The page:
Recently I had an uplifting phone conversation with my dear friend Terry, a Lutheran Pastor who lives in North Carolina. He caught me in the afternoon, after many hours immersed in deep meditation and contemplation. An illness-induced, stay-at- home day where I used all my spare time to be in the Beloved Presence.
Terry and I have a great time communing, with humorous exchanges, lots of laughter and always, always an emphasis on Spirit. But during this exchange, there was a magnified chemistry and shared love of Christ. At one point during our discussion, I was revealing insight gleaned from the ongoing, chronic illness experience:
“Well, Terry.” I paused. “This illness has brought a deeper surrender. I’ve been barely able to function many times, not able to work on some days, not knowing how rent would be paid and magically money would appear. It’s happened in so many ways. This deepens faith!”
“You’ve really come into Christ.”
It was true and my word choices were effortlessly falling in alignment with authentic Christian values. My expression more acceptable, in most cases, even to those with conservative religious views.
Terry and I first met in 2001, in Utah’s Heber Valley, before vast swaths of horse pasture and open space farmland turned this little village community, once nicknamed ‘little Switzerland’ into a mini-metropolis after the 2002 Winter Olympics swept in.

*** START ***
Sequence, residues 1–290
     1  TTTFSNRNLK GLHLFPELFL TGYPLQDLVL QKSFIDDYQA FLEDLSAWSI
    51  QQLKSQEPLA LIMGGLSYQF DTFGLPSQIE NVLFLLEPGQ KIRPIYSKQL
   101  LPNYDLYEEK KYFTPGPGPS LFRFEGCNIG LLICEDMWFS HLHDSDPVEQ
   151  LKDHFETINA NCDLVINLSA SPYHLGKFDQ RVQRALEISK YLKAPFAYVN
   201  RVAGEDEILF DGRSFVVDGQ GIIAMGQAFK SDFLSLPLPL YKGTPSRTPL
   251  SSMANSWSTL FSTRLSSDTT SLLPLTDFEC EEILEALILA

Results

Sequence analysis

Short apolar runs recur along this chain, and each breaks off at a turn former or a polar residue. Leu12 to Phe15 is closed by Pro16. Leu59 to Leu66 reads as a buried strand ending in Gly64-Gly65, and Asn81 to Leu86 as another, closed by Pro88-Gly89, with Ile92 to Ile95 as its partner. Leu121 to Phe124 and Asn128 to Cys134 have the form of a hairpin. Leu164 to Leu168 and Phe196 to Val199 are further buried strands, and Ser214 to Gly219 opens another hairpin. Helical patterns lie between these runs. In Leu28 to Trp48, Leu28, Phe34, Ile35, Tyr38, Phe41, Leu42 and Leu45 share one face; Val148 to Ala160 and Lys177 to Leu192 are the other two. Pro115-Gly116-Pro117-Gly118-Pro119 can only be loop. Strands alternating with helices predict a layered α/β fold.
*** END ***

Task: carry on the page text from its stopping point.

With newly acquired townhouses set in a quiet and still rural development, we lived across the street from one another in this small, predominantly-Mormon village. Though a Lutheran Pastor, Terry was open to any kind of authentic wisdom and truth teaching. Though he always kept his Bible close at hand, Terry was not put off by my fascination with the spiritual teachings of the East, nor my status as the local hatha yoga teacher.
Awakening to the deepest truth came in waves of ecstasy when I began to surrender my petty problems, repetitious thoughts, and need for approval. Any time I felt ill at ease, I would inquire: “What am I, really.” Then, naturally, I would return to the true Christ, falling into that ever available and vast spaciousness. All I did was turn within, become still, patiently sit and yearn with a longing heart.
No one is turned away from the Divine Table; only they must be sincere.
I grew up skeptical of religion. Still, Jesus Christ intrigued and at times awed me. Like a tiny kindling fire, fed only tinder, this intrigue and awe has grown into a massive inner fire, fueled by an authentic love of truth.
I’ve always felt that churches put a wall between you and the true Christ. I wanted to be a genuine devotee, a true disciple of Christ, nestled up close at His Table (the divine spaciousness). I felt a yearning to be so close that I could literally take the Bread from His Hand, be moved to tears via the Eternal Sparkle in his Eyes and Elevated by the Soulful-Grandeur of His Presence.